I am therefore satisfied – as both counsel urge – that the Court does have jurisdiction to make orders under s 44C(2)(c) in relation to the income of the trust.


It is not necessary to explore the background of s 44C which is fully discussed in such cases as Nation v Nation (2005) 3 NZLR 64. There is also helpful comment on s 44C in the Supreme Court decision Ward v Ward [2010] 2 NZLR 31 (SCNZ) which is discussed further below.


I raised with counsel the question whether there is any order of priority or precedence between s 44C PRA and s 182 FPA where both provisions are applicable. I put the question whether the Court should first address the issue of compensation under s 44C and then only address s 182 if an outcome available under s 44C did not provide adequate relief. Counsel were not agreed on that question and on further reflection (and reading of Ward) I conclude that it is not necessary or helpful to pursue it.


The Supreme Court decision in Ward makes it clear that both provisions exist side by side (where they apply) and must be considered without any presumptions or limitations other than as prescribed by the sections themselves. I do note nevertheless what was said by the Court in Ward at paragraphs [18] and [19] of the judgment and the concluding comment in paragraph [19]:

There is however no necessary inconsistency in allowing the Courts to exercise a Trust varying power in these particular circumstances, while providing that, in the wider and distinct relationship property context, Trusts will prevail, subject to ss 44 and 44C, over relationship property rights.


Both of counsel nevertheless addressed the issue of income provision under s 44C(2)(c) first, so I have done likewise.

Section 182 FPA

Because both counsel agree that s 182 does apply on the facts of this case, it is not necessary to set out the provision in full. What did lead to discussion however was the scope and purpose of s 182 and the principles guiding the exercise of the Court's discretion.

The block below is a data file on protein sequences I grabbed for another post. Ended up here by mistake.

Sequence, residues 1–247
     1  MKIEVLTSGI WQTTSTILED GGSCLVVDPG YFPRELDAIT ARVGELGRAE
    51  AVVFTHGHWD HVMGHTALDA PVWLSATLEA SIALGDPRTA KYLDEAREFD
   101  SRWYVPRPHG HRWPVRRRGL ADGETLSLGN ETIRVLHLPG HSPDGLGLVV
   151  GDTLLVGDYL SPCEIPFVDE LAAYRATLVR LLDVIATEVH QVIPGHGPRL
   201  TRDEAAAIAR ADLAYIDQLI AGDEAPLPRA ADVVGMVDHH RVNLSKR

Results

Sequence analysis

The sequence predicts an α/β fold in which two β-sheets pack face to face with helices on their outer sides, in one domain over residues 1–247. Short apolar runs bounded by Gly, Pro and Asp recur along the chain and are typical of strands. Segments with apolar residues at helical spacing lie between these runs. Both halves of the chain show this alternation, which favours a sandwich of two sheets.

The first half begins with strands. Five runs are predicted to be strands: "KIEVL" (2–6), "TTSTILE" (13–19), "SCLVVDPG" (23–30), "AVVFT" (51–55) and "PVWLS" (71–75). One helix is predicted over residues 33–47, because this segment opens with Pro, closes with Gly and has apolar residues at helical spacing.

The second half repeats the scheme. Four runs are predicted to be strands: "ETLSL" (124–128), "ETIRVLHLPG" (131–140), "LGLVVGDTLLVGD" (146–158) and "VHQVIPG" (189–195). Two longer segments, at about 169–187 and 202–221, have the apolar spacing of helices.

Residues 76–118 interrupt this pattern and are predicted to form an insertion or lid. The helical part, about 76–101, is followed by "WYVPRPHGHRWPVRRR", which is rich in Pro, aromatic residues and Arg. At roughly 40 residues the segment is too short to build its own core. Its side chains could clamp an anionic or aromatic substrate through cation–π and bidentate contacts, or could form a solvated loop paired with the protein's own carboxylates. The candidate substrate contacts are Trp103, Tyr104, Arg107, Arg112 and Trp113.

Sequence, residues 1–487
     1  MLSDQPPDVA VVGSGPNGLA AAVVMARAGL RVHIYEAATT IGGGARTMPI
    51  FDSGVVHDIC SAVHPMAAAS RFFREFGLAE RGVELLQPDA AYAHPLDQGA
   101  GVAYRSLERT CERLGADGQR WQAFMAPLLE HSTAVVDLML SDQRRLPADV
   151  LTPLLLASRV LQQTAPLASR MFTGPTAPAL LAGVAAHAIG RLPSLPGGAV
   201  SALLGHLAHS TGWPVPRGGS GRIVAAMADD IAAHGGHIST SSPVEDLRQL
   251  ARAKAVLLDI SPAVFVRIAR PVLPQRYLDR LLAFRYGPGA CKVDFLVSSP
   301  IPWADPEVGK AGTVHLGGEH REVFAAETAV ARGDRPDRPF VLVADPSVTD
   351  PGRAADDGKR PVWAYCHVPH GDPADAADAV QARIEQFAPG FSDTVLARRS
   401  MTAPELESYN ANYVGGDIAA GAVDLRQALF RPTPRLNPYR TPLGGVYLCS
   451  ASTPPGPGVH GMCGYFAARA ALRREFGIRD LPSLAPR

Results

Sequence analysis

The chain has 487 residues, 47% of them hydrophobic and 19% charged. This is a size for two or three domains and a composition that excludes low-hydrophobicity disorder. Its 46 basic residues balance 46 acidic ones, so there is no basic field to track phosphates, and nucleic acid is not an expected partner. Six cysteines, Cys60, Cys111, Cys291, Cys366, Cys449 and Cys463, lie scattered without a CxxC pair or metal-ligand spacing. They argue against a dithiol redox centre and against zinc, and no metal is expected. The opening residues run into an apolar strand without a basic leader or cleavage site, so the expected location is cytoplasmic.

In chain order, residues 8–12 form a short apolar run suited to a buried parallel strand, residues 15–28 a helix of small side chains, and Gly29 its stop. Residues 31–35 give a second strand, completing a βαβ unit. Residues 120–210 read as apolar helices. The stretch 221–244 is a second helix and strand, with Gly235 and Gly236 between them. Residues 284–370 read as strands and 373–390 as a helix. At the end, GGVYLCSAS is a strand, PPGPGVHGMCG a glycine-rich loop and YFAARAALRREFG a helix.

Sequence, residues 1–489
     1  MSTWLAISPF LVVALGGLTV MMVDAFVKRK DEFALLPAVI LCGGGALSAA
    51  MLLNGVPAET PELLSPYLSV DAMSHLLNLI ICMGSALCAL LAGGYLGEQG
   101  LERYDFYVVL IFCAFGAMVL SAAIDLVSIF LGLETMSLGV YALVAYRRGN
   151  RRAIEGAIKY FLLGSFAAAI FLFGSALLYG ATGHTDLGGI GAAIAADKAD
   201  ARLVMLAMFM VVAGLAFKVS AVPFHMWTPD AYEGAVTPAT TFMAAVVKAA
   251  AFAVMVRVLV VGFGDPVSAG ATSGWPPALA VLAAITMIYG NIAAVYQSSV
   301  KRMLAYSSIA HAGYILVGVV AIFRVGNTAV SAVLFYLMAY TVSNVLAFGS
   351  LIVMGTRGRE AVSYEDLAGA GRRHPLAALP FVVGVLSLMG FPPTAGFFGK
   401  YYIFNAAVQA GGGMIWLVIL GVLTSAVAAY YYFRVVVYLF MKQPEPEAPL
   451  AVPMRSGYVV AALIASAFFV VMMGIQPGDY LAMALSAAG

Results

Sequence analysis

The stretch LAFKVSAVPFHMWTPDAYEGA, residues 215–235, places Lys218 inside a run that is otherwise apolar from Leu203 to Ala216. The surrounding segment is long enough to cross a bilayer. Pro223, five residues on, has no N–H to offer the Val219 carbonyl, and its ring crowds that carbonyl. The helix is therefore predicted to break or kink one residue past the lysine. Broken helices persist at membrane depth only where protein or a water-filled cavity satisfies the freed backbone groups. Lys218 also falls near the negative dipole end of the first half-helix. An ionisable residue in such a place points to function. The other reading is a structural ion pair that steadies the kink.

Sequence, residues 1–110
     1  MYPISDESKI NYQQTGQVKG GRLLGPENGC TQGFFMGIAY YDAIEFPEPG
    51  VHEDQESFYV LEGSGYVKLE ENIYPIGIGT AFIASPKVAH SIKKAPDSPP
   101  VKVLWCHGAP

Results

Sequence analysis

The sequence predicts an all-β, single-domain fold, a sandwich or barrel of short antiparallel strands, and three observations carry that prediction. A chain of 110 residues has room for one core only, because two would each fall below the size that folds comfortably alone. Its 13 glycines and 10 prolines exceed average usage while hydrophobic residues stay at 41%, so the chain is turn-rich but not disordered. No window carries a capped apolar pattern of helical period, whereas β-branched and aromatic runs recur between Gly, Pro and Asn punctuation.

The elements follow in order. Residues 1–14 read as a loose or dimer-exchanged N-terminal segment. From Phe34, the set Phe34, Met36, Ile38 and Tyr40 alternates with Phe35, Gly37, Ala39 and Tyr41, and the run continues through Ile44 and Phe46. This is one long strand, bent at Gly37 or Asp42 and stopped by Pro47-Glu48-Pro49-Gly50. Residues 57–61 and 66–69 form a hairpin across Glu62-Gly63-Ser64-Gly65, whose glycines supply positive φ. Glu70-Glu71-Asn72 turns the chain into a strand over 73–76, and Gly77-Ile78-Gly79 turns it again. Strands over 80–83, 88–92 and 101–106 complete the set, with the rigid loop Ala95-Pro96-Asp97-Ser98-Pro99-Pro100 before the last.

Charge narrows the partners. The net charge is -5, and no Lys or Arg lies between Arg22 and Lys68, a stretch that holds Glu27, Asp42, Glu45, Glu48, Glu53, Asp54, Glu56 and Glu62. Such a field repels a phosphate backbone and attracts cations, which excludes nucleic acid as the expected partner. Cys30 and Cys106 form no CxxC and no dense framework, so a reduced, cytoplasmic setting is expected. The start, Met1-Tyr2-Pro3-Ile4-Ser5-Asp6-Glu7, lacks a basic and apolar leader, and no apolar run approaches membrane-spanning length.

Notwithstanding a number of questions I put to counsel about any correlation between the s 182 assessment and relationship property principles, I fully accept – as both counsel advised me – that such questions have been conclusively determined by the Supreme Court decision in Ward (above).


The background, history and correct interpretation of s 182 to be applied in this Court is set out in the Ward judgment and I do not need to repeat that analysis here. As to this Court's starting point and approach I note what was said at paragraph [20]:

The fundamental starting point is that under s 182 there is no entitlement to a 50/50 or any other fractional division of the Trust property. Nor is there any presumption in favour of a 50/50 or any other fractional division. As already mentioned, a nuptial settlement, whether it be ante or post-nuptial, is premised on the continuation of the marriage. When the Court is addressing an application under s 182, it must assess whether an order is necessary and, if so, in what terms, to reflect the fact that this fundamental premise no longer applies.


That was reinforced at paragraph [30] of the judgment...